ELLSWORTH, Maine — The state’s 2014 elver season officially opened at noon Sunday under a significantly different management scheme but with many of the high hopes people have placed in the lucrative fishery for the past few years.
And it may proceed relatively absent of the rancor and legal skirmishing that has simmered between the state and the Passamaquoddy Tribe since 2012. Despite raising fierce objections to state demands that it impose individual quotas on its tribal licensees, tribal officials have indicated this weekend that it has changed its tribal laws and implemented individual quotas.
“Given the dire economic problems facing tribal members and the investment of two years in developing the elver fishery, the tribe made the difficult decision to amend their own law to assure safety for their fishers” Joseph Socobasin, chief of the tribe’s Indian Township, said Saturday in a prepared statement.
Clayton Cleaves, chief of the tribe’s community at Pleasant Point, said that when he met with Gov. Paul LePage last month, LePage indicated he might ask the National Guard to assist if there are any riverside confrontations.
“We want our people to be safe,” Cleaves said. “This is of paramount importance.”
The fishery has become a lot more important to the state’s economy since 2011, when soaring demand in Asia caused prices paid to elver fishermen to skyrocket. Fishermen on average got $185 per pound in 2010, when the total value of the statewide harvest was less than $600,000. In 2012, fishermen averaged $1,866 per pound and the statewide harvest was worth more than $38 million.
This year, as part of a mandated plan to reduce the overall statewide catch, Maine has implemented individual catch quotas for the first time ever. The state had tried to work out an agreement with Maine’s four federally recognized Indian tribes exempting them from individual quotas, but the deal fell through when the state attorney general’s office raised constitutional concerns about imposing individual quotas on some people but not on others.
Maine Department of Marine Resources also is issuing electronic swipe cards to each fisherman that will keep track of that person’s catch and prevent them from selling elvers once their quota has been reached. All licensed elver dealers in Maine are required to use the cards to electronically document their transactions.
DMR had indicated that if the tribes did not use individual quotas, they would not get swipe cards from the state. This effectively would have prevented tribal fishermen from being able to sell their catch legally to any licensed dealer.
Jeff Nichols, spokesman for DMR, indicated Sunday in an email that the department has not yet received a list of names of elver fishermen licensed by the Passamaquoddy Tribe. He added that the department has received lists of individual members licensed by the Penobscot and Micmac tribes. He said swipe cards will be issued to those license holders between 9 a.m. and noon Tuesday, April 8, at the Department of Marine Resources offices, 650 State St., Bangor.
Early Sunday afternoon, fishermen were erecting more than a dozen large, funnel-shaped fyke nets along the banks of the Union River in downtown Ellsworth. Watching and chatting with a few of the fishermen was Sgt. Troy Dow of Marine Patrol, the law enforcement division of DMR.
Dow said that, unlike recent years, poaching has not been an issue in the days leading up to the start of the season. Because Maine is the only state north of South Carolina where elver fishing is allowed, poached elvers that were being smuggled into the state from elsewhere had become a significant concern for law enforcement officials and regulators charged with protecting eel stocks.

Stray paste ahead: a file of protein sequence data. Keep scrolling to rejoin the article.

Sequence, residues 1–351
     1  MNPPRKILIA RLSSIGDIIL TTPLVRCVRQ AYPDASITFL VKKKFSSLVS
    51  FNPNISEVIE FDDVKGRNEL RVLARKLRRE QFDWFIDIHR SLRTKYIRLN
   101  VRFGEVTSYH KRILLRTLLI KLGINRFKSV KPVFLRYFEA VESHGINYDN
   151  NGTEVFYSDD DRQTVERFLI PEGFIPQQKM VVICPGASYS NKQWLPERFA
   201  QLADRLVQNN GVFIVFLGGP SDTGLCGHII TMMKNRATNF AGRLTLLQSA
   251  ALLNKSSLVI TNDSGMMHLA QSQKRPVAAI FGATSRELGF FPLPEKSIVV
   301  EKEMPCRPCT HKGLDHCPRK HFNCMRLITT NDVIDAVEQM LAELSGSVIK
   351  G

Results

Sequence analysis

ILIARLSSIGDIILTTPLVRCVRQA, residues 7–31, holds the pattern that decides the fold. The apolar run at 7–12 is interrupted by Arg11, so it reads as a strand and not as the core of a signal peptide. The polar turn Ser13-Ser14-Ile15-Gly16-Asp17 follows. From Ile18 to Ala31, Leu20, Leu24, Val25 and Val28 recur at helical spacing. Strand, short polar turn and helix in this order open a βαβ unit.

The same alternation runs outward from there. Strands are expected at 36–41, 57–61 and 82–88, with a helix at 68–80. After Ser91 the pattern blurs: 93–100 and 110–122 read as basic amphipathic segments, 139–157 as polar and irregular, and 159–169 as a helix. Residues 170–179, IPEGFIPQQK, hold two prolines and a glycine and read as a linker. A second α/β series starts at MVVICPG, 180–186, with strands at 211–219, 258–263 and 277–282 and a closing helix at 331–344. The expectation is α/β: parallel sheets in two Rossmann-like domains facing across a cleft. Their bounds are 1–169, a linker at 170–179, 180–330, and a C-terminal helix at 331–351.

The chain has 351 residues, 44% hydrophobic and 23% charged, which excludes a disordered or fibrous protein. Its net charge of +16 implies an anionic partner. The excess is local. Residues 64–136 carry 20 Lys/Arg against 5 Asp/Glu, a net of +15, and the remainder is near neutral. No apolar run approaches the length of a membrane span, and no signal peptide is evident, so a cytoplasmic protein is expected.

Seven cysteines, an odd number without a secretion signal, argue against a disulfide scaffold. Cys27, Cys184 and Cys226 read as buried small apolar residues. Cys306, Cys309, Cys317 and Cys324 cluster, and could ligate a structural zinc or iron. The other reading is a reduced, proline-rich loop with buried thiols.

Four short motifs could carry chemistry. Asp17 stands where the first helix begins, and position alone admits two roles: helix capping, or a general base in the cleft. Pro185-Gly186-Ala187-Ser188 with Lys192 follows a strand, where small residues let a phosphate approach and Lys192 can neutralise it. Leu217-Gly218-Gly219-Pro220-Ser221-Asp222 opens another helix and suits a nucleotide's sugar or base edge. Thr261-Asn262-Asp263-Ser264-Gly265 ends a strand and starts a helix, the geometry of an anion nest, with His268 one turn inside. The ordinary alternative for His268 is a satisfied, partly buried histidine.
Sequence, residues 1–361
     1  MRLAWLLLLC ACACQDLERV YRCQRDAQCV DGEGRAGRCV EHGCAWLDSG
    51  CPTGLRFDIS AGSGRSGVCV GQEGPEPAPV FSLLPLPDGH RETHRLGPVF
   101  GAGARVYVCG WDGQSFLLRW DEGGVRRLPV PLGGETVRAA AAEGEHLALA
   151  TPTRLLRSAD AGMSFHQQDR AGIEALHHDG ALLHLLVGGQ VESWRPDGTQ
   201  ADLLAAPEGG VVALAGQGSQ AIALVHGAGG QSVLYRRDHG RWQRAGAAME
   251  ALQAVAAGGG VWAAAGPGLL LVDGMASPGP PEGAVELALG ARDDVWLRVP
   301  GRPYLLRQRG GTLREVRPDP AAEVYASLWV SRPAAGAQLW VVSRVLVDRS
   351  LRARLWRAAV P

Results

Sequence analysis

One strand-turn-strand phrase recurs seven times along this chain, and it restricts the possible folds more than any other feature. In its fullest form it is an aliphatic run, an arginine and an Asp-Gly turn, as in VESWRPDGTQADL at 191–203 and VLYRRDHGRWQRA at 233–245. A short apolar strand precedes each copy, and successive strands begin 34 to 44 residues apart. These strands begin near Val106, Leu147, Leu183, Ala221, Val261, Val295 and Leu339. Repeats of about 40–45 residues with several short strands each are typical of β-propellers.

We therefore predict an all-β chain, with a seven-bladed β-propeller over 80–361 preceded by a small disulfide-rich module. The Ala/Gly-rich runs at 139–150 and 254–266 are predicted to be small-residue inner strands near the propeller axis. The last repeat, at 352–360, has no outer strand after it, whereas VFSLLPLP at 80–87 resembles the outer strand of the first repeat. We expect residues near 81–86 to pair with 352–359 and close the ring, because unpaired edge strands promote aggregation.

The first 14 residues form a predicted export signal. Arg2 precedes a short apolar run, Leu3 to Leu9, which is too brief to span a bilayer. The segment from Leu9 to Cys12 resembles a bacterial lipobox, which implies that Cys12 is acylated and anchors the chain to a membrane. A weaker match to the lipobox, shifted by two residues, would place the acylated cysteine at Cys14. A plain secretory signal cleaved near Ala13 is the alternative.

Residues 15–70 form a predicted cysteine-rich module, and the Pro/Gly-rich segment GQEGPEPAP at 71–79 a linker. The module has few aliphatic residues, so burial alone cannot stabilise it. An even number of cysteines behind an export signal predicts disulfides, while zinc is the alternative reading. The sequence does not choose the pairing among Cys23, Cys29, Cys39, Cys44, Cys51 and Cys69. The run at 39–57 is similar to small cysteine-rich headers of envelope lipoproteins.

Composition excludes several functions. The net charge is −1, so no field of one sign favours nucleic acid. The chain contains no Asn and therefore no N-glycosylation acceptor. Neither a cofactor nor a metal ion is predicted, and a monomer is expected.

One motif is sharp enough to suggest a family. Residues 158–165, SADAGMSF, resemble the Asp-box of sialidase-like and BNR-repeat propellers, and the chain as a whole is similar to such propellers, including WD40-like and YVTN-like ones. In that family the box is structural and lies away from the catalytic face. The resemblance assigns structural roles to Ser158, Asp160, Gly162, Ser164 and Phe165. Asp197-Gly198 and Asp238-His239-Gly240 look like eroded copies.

The cold weather this winter and over the past month have helped slow down the migration of newborn eels from the ocean into tidal waterways, Dow said, but the biggest deterrent to early season poaching has been the quota system. Licensed fishermen are far less likely to sell someone else’s catch in exchange for a cut of the proceeds when they could sell only their own and keep all the revenue.
“Obviously, when you have something worth this much money, you’re going to have poaching,” Dow said. But the number of people who traffic in black market eels, he added, is expected to be much smaller than those who poached in past years to make a quick buck.
The citations Marine Patrol handed out leading up to Sunday, Dow said, have been for setting up fyke nets too early.
Bill Sheldon, a licensed elver fisherman and dealer from Woolwich, was in Ellsworth around noon Sunday to set up a net for himself on the riverbank. He predicted that, with the two week delay to the start of the season and expected low landings early on, the season might come to an end on May 31 before the overall statewide quota of 11,749 pounds is reached.
Sheldon added that the overseas market is weaker this spring than it has been in the past two years. As a result, prevailing prices are likely to start out several hundred dollars lowers than they were at the end of the 2013 season, when they were around $1,600 per pound.
“I’m waiting on some phone calls this afternoon,” Sheldon said. “We really won’t know until this evening. I would certainly think it would be under $1,000 [per pound].”
Trescott resident Julie Keene also was in Ellsworth on Sunday, setting up a fyke net on the riverbank. A licensed elver fisherman for 21 years, she said she’s heard opening day prices would be around $400 or $500 per pound. She said the elver fishery has been a “godsend” for her and her family in recent years, but that she does not take it for granted.
“I don’t know how the season’s going to go,” Keene said. “We’ve fished for $400 [per pound] before. There’s no guarantee in any of these fisheries.”